ABMA Meets With USTR on Softwood Lumber

Softwood Lumber Agreement

On Tuesday, ABMA met with lead staff at the United States Trade Representative (USTR) to discuss the current state of play regarding negotiations to forge a new Softwood Lumber Agreement (SLA) with Canada. In short, USTR reaffirmed what we heard from the Department of Commerce (DOC) earlier this year – that negotiations are at a standstill. While public pronouncements from Canadian political leadership suggest a desire to come to the table, staff indicates that their counterparts north of the border are not serious about having a substantive dialogue. One positive takeaway that we did glean from the conversation is that there has been progress on identifying participants to serve on a binational panel that will review anti-dumping and countervailing duty issues between the two countries. Formation of this panel and subsequent review of softwood trade issues could set the table for serious discussion around a new agreement. Trade panels are a holdover from the North American Free Trade Agreement’s (NAFTA) Chapter 19, which stipulated that Canada and the United States would set up trade panels to settle disputes. The US Mexico Canada Agreement (USMCA), which superseded NAFTA, retains this appeal process.

One other variable that was noted is that the U.S. Softwood Lumber Coalition—which represents U.S. lumber manufacturers—is not particularly motivated to advocate for renewal of the SLA. Since expiration of the SLA in 2015, the domestic industry has consistently prevailed in administrative reviews by the DOC to keep in place tariffs on Canadian lumber entering the U.S. market. The most recent was on August 4 when Commerce issued the final results of the third administrative reviews of its anti-dumping and countervailing duty orders regarding certain softwood lumber products from Canada. Going forward, the new combined rate that will apply to exports from companies that are subject to the third administrative reviews is 8.59%. The current combined rate for most companies is 17.91%.

In its official statement on trade with Canada, the Coalition had this to say: “The U.S. Lumber Coalition supports the continued enforcement of the U.S. trade laws to strengthen domestic supply chains by allowing American companies to invest and increase the overall supply of made-in-America lumber and will continue to aggressively pursue the enforcement of the trade laws.

The U.S. industry remains open to a new U.S.–Canada softwood lumber trade agreement if and when Canada can demonstrate that it is serious about negotiations for an agreement that addresses Canada’s unfair trade practices which are harming U.S. producers, workers, and timberland holders. Until then, the U.S. Lumber Coalition fully supports the continued strong enforcement of the U.S. trade laws to address Canada’s unfair softwood lumber trade practices.”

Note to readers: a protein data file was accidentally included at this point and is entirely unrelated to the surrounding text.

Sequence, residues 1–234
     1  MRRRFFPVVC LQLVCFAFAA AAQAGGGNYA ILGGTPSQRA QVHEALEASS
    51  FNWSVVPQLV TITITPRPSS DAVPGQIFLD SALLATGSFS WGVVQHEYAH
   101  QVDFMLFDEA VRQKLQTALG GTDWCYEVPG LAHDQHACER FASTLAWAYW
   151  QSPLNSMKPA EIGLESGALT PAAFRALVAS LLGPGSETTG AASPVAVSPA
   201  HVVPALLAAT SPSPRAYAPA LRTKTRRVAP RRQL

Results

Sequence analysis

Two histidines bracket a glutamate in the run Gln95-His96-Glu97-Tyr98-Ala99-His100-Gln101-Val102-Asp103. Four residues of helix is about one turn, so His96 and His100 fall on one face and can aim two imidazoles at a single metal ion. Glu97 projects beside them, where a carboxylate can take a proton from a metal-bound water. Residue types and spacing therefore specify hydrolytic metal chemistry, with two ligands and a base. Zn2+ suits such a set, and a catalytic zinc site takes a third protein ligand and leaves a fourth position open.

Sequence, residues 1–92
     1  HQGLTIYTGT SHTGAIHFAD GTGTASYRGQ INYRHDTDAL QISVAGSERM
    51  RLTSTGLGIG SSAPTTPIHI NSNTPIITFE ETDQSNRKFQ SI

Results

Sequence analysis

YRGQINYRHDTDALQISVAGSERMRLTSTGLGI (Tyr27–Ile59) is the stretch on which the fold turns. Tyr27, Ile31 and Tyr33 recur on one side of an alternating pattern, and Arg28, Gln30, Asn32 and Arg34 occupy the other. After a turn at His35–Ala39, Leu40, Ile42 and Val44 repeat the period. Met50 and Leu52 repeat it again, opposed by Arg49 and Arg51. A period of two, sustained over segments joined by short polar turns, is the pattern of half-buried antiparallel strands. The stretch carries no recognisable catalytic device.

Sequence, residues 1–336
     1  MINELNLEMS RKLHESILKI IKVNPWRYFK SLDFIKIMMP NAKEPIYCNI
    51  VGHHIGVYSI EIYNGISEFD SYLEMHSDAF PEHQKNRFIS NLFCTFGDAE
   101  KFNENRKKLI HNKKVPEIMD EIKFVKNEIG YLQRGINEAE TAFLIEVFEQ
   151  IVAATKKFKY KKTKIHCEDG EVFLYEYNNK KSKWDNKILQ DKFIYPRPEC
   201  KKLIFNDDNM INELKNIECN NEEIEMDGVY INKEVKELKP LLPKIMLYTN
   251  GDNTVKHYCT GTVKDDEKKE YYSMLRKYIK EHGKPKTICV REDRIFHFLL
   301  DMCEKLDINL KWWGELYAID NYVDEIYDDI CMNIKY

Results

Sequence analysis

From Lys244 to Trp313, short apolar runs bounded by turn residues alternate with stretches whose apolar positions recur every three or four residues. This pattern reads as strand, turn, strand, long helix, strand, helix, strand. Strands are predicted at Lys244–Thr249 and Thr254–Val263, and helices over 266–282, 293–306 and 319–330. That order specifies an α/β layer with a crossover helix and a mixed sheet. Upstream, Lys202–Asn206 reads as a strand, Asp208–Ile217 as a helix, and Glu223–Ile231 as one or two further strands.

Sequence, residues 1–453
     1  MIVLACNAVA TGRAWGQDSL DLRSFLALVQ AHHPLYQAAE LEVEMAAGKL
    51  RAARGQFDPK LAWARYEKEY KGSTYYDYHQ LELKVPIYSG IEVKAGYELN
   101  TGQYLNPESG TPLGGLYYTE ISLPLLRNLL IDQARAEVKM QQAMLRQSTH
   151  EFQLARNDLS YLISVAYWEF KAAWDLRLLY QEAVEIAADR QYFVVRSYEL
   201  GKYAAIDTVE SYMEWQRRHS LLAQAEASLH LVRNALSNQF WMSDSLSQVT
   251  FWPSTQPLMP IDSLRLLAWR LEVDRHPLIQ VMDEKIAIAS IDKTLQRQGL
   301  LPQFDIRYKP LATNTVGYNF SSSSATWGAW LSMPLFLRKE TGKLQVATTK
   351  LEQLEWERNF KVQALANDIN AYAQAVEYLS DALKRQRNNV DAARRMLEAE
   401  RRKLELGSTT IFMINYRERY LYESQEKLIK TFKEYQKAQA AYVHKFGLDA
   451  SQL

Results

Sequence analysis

On a final note, we did learn that there are ongoing staffing changes at USTR and there will be a new team in place shortly to lead USTR’s efforts on trade issues with Canada. ABMA will stay close to developments on this issue and will be reaching out to the U.S. Lumber Coalition to ascertain its plans for action in this space.

U.S. Forest Service – Wood Building Products Critical for Carbon Storage

On August 22, the U.S. Forest Service published an article extolling the virtues of wood building materials as a critical tool for storing atmospheric carbon. The article may be found here and the technical study that it references may be found here.

The bottom line is it reaffirms what we have known for some time—that trees absorb atmospheric carbon during their growth cycle and that carbon is sequestered for generations in the built environment. This is an interesting quote from the study’s abstract: “Because wood products store carbon for many decades, and because wood can replace carbon-intensive materials such as steel and concrete in construction, the forest products sector can play an important role in mitigating net carbon emissions.”

Another interesting take away from this piece is the Forest Service acknowledging that “houses store so much carbon that figuring out how many houses will be built in the future is important for understanding the total U.S. carbon storage capacity.” As Congress begins to turn its attention to writing the next Farm Bill which expires in 2023, greenhouse gas mitigation and the role forests and wood products can play in delivering natural climate solutions is going to be a major focus.